Emotional farewell for slain Quebec police officer Thierry LeRoux
Patrice Bergeron, The Canadian Press
Published Friday, February 26, 2016 6:41AM EST
Last Updated Friday, February 26, 2016 5:00PM EST
SAGUENAY, Que. -- Thierry LeRoux's family and friends bid an emotional farewell to the slain Quebec police officer Friday, remembering him as a loving man who always saw the best in people.
LeRoux, 26, was just six months into his career in the Lac-Simon police force when he was shot Feb. 13 as he and another officer responded to a domestic call.
Hundreds of officers from Quebec and parts of Canada and the United States attended his funeral Friday, with his widow, brother and father among those who spoke about him fondly.
"You never saw bad in anybody," his father, Michel, told the service in the Chicoutimi Cathedral in Saguenay, 250 kilometres north of Quebec City.
"You would tell me, 'Get to know people and you will see there is good in all of them.' What wisdom!
"Thierry, I already miss your clowning around at meals, your contagious smile and your beautiful blue eyes. To you, my man, my champion, my hero. I love you."
After completing a police technology degree, LeRoux graduated from Quebec's police academy in November 2013 -- excelling in sports and physical conditioning.
Investigators have said officers did not return fire on the fatal night in Lac-Simon, a small Algonquin reserve in northwestern Quebec.
Anthony Raymond Papatie, 22, the man identified by police as the shooter, was found dead, inside the home, of an apparent self-inflicted gunshot wound.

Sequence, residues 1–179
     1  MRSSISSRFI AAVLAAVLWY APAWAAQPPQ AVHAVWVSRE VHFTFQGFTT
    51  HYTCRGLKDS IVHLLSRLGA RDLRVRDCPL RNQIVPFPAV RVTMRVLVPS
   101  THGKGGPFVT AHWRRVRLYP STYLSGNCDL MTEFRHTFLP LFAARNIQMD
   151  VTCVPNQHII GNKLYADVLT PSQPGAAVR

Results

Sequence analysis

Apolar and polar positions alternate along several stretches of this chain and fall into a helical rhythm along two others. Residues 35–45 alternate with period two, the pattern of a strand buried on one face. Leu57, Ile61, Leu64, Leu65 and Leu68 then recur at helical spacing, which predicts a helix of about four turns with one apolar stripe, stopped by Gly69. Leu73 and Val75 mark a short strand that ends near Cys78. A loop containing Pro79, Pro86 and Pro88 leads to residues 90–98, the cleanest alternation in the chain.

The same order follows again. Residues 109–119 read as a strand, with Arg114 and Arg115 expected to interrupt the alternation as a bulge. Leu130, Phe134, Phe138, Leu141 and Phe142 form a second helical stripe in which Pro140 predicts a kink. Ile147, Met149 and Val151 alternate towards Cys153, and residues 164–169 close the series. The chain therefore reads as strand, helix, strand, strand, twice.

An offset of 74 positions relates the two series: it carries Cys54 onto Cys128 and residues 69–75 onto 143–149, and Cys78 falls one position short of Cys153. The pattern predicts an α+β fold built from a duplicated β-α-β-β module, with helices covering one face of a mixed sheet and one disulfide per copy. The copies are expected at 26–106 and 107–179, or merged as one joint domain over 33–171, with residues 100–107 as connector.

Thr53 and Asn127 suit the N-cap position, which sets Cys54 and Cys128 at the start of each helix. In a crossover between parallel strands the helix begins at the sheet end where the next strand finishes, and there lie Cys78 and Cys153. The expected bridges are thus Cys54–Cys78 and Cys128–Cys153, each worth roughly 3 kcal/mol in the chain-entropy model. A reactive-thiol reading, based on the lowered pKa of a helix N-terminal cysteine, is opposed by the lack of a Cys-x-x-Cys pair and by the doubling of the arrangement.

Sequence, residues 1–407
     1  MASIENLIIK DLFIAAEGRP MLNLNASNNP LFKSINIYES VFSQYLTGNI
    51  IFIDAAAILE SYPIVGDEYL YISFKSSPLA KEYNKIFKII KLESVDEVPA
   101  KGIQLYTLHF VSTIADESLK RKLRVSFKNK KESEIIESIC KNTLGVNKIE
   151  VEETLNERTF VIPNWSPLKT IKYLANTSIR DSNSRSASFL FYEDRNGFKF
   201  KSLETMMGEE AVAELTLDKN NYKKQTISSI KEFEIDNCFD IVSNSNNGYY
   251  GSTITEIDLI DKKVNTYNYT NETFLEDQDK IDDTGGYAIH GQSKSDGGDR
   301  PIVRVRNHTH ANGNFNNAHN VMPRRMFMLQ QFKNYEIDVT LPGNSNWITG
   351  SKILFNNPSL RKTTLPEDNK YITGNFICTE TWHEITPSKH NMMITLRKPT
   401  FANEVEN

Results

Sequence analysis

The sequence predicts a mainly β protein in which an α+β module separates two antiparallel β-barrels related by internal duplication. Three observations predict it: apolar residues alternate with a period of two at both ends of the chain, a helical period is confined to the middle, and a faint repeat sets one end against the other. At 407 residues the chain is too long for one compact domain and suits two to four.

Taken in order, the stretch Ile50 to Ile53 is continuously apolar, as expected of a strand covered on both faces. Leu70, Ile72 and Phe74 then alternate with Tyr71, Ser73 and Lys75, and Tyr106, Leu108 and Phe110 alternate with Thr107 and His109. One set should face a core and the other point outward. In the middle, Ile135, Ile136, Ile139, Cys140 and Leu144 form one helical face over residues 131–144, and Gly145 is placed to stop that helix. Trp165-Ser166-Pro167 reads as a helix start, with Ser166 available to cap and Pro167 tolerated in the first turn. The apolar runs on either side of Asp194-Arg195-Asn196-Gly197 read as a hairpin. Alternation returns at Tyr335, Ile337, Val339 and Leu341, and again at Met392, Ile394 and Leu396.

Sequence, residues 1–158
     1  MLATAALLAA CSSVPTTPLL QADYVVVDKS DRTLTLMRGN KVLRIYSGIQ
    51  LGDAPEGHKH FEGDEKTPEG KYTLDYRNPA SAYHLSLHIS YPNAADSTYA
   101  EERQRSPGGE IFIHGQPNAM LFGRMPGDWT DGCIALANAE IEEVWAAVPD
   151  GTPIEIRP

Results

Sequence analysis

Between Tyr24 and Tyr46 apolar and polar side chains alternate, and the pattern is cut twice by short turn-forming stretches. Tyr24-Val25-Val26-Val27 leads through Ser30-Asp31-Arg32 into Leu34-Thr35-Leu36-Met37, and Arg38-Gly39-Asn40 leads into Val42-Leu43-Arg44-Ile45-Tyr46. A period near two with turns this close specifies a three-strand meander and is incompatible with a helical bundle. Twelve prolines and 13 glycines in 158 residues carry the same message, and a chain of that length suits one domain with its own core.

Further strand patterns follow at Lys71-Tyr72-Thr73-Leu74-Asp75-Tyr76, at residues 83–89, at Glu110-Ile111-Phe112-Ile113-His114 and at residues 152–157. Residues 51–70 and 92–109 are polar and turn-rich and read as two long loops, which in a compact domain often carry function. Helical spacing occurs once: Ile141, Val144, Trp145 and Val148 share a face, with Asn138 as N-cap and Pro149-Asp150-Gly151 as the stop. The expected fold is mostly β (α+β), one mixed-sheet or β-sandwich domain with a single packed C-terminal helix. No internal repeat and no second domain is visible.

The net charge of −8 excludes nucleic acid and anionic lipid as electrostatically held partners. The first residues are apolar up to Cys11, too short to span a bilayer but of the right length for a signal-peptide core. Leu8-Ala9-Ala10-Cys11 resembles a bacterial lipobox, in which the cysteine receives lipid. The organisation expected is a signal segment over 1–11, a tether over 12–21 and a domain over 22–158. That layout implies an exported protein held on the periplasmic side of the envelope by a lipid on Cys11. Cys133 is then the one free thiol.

LeRoux's widow, Joannie Vaillancourt, struggled at times as she addressed the funeral service, which lasted about two hours.
'This is an incredibly difficult day because I am forced to say goodbye to you," Vaillancourt said. "You are, and will be forever, the great love of my life.
"We had a beautiful future all mapped out....We were supposed to have children, grow old together and watch our grandchildren grow up. Today, I'm having trouble breathing."
Vaillancourt said she and LeRoux had to overcome many obstacles, including being far apart geographically at times as he pursued his police career.
"You were, and still are, a great man," she said, her voice cracking. "If everyone had just one ounce of your personality, your courage, your savoir faire, the world would be a better place."
LeRoux's brother, Steffan, also delivered an emotionally powerful tribute.
"I will no longer be able to protect you, as we had promised we would, because you have left us far too early," he said. "But I will continue to serve and protect our family. Every morning, I will put on your bulletproof vest, your belt, your boots and your cap to look after our family.
"I have always spoken about you with so much passion and pride and I will continue to do that until it is time for my number to be retired. When that day comes, you better come and greet me and we will be able to write the second chapter of our life.
"I only have one request: send me a sign from time to time, a little gesture, anything, just to tell me, 'I'm there, brother."'
With files from Donald McKenzie in Montreal